By the Numbers: 12 Virtual Event Statistics
With the roll out of the coronavirus vaccine and 2020 finally coming to an end, many people are feeling more optimistic than ever, and much of that optimism is geared toward the event industry’s recovery. And while everyone is ready for the return to live events, one thing 2020 has taught us is that virtual events are here to stay. The role they play in our industry simply cannot be filled by any other method. But many still have questions regarding virtual meetings, such as what their impact is, how they differ from a standard Zoom meeting, and if they will become a replacement for live events. That’s why we put together the virtual event statistics below to help you get a better understanding of virtual programs and their impact.
What impact have virtual events had on the industry?
Virtual meetings were not invented for the pandemic, but 2020 did contribute to the rise in the need. It’s important to note that “in 2020, the number of organizations planning a virtual event doubled” (Wild Apricot). Surprisingly, though this growth started due to safety concerns, it is not expected to slow down. Even though we know that in-person events will eventually return, one report stated that “the global virtual events market size is expected to be valued at $774 billion by 2030” (Markets Insider). Obviously, there is revenue to be generated in this market, and that’s why it’s so important for planners to have a solid understanding of these kinds of events.
What are the advantages of going virtual?
When it comes to the advantages of virtual events, “more than 80% of marketers agree that greater audience reach is the most positive effect they’ve experienced from their shift to virtual” (Bizzabo). This is not a shocking statistic when considering a virtual meeting’s lack of geographic boundaries and the ability for the material to be viewed on-demand, meaning participants can watch even if the original event conflicted with their schedule. Another benefit is the reduced cost—“84% of organizations who had previously run a virtual event in 2020 reported that they spent less on virtual events than in-person events” (Wild Apricot). With less money invested and a huge potential market, businesses are scrambling to identify the necessary changes to the live format that will prove effective for virtual meetings. In terms of hosting a successful virtual event, one statistics states that “49% of marketers say audience engagement is the biggest contributing factor” (Markletic). But engaging an online audience is not as straightforward as engaging a live one.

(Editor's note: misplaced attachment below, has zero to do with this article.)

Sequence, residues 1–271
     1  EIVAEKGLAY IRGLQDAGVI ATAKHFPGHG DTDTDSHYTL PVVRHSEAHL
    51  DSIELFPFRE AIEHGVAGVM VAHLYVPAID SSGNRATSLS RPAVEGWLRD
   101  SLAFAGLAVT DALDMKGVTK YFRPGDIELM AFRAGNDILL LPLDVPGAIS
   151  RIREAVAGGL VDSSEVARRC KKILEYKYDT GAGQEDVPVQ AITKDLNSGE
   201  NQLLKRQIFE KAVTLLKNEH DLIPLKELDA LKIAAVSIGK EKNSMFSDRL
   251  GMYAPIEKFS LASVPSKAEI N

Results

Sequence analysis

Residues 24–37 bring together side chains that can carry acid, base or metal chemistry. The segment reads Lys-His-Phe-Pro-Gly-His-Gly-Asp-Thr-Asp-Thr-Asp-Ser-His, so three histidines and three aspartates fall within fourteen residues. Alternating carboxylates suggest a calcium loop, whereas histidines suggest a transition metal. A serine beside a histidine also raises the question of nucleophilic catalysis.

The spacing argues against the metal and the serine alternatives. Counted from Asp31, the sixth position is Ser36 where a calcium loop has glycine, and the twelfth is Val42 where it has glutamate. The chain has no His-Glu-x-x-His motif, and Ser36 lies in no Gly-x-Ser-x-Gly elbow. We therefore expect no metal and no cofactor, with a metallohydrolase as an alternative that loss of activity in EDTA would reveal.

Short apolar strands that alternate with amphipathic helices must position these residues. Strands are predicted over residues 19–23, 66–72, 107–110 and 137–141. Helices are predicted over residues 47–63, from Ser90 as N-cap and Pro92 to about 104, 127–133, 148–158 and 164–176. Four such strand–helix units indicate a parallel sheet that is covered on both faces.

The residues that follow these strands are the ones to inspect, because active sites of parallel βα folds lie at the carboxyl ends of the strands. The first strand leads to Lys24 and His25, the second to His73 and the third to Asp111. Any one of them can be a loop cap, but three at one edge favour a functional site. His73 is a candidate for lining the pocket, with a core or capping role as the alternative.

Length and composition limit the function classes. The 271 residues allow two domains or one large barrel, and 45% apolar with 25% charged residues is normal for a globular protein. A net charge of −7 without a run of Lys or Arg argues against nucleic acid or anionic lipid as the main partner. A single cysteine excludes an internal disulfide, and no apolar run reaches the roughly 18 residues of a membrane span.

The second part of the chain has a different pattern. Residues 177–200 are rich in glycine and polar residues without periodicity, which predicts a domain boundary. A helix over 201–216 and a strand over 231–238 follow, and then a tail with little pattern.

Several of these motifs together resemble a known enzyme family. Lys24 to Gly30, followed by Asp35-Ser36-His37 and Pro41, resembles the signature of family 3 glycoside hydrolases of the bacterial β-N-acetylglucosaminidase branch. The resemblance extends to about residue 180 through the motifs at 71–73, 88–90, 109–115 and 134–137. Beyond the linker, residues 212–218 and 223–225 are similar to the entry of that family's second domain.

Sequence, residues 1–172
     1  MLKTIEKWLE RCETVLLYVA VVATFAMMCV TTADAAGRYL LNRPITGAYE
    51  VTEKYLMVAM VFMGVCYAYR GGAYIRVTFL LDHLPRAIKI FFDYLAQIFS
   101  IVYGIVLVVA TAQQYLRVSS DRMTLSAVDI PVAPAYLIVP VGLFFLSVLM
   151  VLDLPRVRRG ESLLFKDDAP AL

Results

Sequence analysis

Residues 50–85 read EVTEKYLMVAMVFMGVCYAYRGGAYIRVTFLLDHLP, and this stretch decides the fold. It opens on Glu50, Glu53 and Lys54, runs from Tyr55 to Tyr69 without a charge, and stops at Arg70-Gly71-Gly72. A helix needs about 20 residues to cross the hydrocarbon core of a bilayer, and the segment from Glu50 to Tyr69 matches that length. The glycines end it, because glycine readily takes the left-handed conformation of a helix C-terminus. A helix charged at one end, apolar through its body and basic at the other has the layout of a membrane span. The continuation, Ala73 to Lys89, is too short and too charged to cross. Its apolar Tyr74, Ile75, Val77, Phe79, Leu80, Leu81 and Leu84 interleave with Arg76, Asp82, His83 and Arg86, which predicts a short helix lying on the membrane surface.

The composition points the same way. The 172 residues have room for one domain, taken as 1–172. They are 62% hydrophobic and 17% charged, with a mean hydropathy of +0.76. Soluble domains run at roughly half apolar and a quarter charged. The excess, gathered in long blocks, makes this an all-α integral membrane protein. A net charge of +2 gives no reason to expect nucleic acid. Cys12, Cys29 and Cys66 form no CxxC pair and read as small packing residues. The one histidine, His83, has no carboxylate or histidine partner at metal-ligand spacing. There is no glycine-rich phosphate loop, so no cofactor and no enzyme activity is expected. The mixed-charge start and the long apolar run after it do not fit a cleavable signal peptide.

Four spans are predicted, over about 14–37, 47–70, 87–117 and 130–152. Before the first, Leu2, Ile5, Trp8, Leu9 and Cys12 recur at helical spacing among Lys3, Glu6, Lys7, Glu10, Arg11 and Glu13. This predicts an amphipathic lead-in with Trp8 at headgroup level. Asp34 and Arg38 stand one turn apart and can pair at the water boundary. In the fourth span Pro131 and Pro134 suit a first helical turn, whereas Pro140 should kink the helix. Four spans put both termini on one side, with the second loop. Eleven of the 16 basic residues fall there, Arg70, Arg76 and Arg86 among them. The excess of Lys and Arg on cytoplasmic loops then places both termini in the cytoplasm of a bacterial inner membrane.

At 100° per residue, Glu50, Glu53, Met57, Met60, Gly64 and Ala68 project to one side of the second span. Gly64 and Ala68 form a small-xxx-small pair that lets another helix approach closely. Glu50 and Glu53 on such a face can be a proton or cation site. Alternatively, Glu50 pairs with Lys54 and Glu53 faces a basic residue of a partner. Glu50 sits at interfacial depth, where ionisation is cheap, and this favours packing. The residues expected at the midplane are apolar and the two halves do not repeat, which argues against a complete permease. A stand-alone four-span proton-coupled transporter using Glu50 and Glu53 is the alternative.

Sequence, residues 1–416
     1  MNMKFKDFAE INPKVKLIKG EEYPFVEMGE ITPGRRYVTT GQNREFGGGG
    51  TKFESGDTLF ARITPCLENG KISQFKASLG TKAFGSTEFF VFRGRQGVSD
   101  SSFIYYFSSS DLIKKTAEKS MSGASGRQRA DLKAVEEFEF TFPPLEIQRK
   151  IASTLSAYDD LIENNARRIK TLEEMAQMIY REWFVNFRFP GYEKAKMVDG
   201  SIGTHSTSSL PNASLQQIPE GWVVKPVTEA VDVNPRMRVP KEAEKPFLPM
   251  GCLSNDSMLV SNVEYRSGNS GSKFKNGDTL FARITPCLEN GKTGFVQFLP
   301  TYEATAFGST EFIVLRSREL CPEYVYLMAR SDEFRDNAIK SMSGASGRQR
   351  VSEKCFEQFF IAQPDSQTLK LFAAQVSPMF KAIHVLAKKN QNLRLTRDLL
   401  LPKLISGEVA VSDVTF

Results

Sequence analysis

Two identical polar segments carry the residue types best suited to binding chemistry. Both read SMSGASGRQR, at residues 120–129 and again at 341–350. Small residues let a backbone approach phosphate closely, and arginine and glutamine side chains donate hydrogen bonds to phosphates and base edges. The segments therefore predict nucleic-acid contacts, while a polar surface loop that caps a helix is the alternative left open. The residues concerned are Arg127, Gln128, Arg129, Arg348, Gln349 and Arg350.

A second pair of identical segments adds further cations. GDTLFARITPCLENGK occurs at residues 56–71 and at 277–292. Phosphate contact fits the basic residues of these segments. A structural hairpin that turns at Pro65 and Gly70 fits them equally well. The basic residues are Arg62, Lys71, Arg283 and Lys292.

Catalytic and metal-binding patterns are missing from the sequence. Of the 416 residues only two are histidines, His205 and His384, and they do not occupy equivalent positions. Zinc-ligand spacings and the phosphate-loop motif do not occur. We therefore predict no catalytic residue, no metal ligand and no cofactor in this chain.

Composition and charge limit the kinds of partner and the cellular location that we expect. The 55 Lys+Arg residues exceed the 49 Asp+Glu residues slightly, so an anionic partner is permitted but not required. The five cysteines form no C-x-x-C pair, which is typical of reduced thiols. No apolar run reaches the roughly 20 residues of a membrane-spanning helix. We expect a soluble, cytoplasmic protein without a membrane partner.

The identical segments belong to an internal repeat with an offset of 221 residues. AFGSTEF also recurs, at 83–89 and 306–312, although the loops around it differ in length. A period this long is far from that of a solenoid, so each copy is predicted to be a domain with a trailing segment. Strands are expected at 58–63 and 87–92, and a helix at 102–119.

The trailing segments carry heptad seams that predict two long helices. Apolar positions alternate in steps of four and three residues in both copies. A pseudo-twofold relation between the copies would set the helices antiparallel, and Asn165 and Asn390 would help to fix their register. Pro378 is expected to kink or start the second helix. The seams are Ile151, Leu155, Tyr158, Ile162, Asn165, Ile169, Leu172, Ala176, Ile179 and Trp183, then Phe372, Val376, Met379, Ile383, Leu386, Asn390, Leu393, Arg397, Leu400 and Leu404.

What is the biggest drawback of virtual events?
Unfortunately, many event organizations have spent little time researching best practices for virtual programs, and when hit by the COVID crisis, they simply began delivering events that differed little from a standard business meeting. Audiences were not impressed. Facing a myriad of distractions in the home, many attendees simply tuned out, and clients were left disillusioned and disappointed. When surveyed, “B2B event marketers [said] audience engagement is the largest challenge of virtual events” (Avalon). Making a switch to virtual cannot be accomplished by simply purchasing a platform and recording speakers. Zoom fatigue is real, and employees do not appreciate one more “meeting” in their lives. In fact, “organizations that didn’t try to engage virtual event attendees were 150% more likely to be unsuccessful” (Wild Apricot). Taking the time to ensure your virtual program is engaging is the most important part of planning your event. Delivering events that have a broadcast feel rather than a meeting atmosphere with eye-catching visuals and animated speakers will elevate an event to a level that will engage even your most distracted audience member.
In addition to production changes, time becomes a major factor in a virtual event because “the average virtual attendee watches only 68% of a virtual session that is 20 minutes or longer” (Bizzabo). Though a 20-minute meeting at a live event is not cost effective or expected, the attention span of a virtual attendee is much different. Keeping in mind the length and structure of your virtual program is a must to keep attendees watching. One of the biggest lessons learned by planners new to virtual was that the two meeting types cannot be treated similarly. They are vastly different. In fact, “52.5% of event marketers are challenged by the logistics of virtual events and believe [they] require a much different set of skills and resources” than live events (Bizzabo). Learning the best practices of the virtual world is a must to produce engaging, thoughtful content.
Are virtual events going to replace live?
Though virtual programs are incredibly important currently and are helping to keep people connected during this global pandemic, the truth of the matter is that virtual events will never replace live events. When surveyed, “96% of event professionals do not believe virtual events will replace in-person events” (Bizzabo). Additionally, one statistic stated that “85% of leadership (senior managers, executives, and board members) believe in-person events are essential to their company’s success” (Bizzabo). These statistics make it clear that live events are an integral part of our industry. This necessary component to the business world is not going away, and most believe the return of the live event is coming sooner rather than later. Many companies are already thinking about the return to live*, and “63% plan to resume in-person meetings in 2021” (Bizzabo). However, our live events will now have a common companion because the virtual event is here to stay.